It’s hardly surprising that the Barbican dedicated two whole days to celebrate the work of composer Steve Reich, who turns 75 this year. After all, as a spearhead for the minimalist movement, he provides a key link between the classical and contemporary music worlds; seminal pieces like ‘Drumming’ highlight the parallels between Western classical music and modern genres such as techno, and his process of looping instruments, resulting in sounds phasing in and out of time, has influenced the electronic experiments of Radiohead, The Orb and Brian Eno.

It’s nigh on impossible to imagine another composer who could bring together the very different worlds of Trent Reznor, Kronos Quartet, the BBC Symphony Orchestra, Tyondai Jackson and Owen Pallett, the latter performing his latest album Heartland in its entirety with the Britten Sinfonia. The Canadian singer’s falsetto depicts the curious character of an ultra-violent farmer named Lewis amidst clattering orchestral arrangements compounded by electronic designs; though not directly influenced by Reich, classically trained Pallett loops and samples his violin on stage to create dense layers of sound, something which unfortunately has the tendency to drown out his vocals within the Barbican’s auditorium walls.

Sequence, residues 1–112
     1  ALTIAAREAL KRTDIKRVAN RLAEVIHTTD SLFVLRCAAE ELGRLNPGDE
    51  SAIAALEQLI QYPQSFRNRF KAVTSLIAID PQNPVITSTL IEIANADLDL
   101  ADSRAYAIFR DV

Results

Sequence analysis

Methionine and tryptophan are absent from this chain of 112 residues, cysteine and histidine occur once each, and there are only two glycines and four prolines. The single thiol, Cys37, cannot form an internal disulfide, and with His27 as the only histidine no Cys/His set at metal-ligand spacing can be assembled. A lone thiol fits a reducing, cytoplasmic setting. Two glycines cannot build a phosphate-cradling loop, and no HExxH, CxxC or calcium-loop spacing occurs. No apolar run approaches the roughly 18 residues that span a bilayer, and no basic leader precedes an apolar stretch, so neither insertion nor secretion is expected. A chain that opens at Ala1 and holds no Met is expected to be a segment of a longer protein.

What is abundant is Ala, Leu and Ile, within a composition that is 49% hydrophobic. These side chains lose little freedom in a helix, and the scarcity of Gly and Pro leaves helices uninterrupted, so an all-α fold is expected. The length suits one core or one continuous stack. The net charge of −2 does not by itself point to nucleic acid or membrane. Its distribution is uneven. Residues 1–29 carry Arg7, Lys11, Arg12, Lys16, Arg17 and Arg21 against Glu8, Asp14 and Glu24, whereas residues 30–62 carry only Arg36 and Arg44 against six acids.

Other performances on the second day see Bang on a Can member Julia Wolfe’s dramatic, minimalist string piece ‘Cruel Sister’ performed by the Britten Sinfonia and Reich’s Pulitzer-prize winning ‘Double Sextet’ executed by Bang on a Can and original commissioners eighth blackbird, pitting violin, cello, vibraphone and not one but two pianos against each other in a striking battle of rhythms. Interspersed between these acts were excerpts from the hypnotic, African-inspired ‘Drumming’, played in the foyer by So Percussion. Sessions frequently overran, but no less could be expected from an event commemorating one of music’s most influential figures of the last 40 years.

Photo of Owen Pallett by Mark Allan.